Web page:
Letters from the Great War

17:23 15 May 2014

Bill Burgess.

Bill Burgess.

Archant

Read about the firsthand experiences of local men at the front from the archives of Ilfracombe Museum.

The North Devon Gazette is asking readers to share family records and memories of World War One ahead of the centenary this summer.The North Devon Gazette is asking readers to share family records and memories of World War One ahead of the centenary this summer.

ILFRACOMBE Museum volunteer Jane Dendle has spent months gathering letters home from men of the town who served at the front during the First World War.

At times humorous, poignant and grim, some of the letters have been collected into a booklet called Written at the Front which can be viewed at the museum shop, costing £2. The full archive of letters is available to view on request.

Jane, whose ancestor James Dendle volunteered and served as a driver, initially began researching the letters in old newspapers for her own interest: “I realised these were eye-witness accounts of the events of 100 years ago and was fascinated by the story they told of the Great War,” she said.

“The more I went on, the more I became convinced that as many others as possible should also hear the voices of these brave young men.”

To mark the 100th anniversary of the outbreak of the Great War and in the run up to Ilfracombe’s commemorative parade on Saturday, August 2, we will be publishing one of the letters each week.

The following letter was received by Mr and Mrs H Burgess, of 10, Larkstone Crescent, Ilfracombe, from their son, Pte W Burgess, of the Royal Field Artillery, who at the time was lying wounded at the London Hospital in Whitechapel Road.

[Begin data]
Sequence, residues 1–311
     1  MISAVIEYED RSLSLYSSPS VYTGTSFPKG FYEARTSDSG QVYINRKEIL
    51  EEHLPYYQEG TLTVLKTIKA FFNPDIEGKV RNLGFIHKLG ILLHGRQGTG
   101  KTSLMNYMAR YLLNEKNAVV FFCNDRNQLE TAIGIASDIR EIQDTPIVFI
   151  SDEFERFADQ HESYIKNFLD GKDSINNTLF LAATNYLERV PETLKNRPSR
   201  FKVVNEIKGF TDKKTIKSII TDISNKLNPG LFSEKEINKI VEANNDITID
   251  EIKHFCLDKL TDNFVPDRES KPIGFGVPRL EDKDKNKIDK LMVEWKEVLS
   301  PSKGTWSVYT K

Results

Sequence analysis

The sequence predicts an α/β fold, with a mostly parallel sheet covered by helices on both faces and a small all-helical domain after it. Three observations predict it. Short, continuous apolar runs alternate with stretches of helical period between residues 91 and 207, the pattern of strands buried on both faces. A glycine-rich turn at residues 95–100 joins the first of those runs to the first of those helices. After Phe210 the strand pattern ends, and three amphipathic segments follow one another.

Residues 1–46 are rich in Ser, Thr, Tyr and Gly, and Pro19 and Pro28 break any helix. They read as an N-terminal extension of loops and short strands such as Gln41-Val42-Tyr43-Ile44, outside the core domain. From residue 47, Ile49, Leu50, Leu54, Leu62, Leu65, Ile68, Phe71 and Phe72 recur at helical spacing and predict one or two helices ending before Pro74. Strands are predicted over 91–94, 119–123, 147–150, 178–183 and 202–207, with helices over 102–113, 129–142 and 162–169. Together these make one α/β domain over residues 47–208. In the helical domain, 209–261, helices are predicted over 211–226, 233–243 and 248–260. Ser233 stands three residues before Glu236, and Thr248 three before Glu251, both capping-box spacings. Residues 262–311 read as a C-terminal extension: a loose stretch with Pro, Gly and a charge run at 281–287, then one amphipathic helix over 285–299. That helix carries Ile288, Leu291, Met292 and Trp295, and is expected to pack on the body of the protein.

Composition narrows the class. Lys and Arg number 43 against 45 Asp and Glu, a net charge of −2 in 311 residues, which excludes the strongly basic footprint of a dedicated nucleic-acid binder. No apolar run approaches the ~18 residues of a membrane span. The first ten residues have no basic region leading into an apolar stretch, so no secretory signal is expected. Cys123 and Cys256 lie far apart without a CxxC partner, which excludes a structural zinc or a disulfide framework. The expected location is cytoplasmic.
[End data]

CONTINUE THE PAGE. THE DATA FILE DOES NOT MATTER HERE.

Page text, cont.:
He was among those involved in four days’ ‘severe fighting’ between the British and German forces the previous week.

September 5, 1914

Dear Parents – I expect you will be glad to hear from me. I have been badly wounded in two places by a shrapnel shell; I shall get better, though, in a week or so.

I got hit in the right cheek and in the back. We had an awful time; lost a lot of men in our battery. The shells were flying all over the field. We had to retreat on Monday and Tuesday, and on Wednesday morning we met them about three in the morning.

We killed hundreds of their men, but the more we killed the more came up and took their places.

We made arrangements to meet the French on that morning, but they did not turn up; there was a mistake made in the time. If they had come we may have done better, but the generals said it was the best bit of work England has ever done as regards fighting.

We only had 75,000 men while the Germans had 200,000, so you can see what we did.

I got taken in a French hospital, but in the morning the Germans started shelling it; they blew it to bits and as they advanced they burnt down houses and killed women and children, and blew up churches. They are gone real mad.

They were real cowards, as soon as we charged them they dropped their rifles and ran like mad. Well, mother, I wish you could send me a few little things, such as books to read… I think this is all at present.

With best love, from your ever loving son, Bill.

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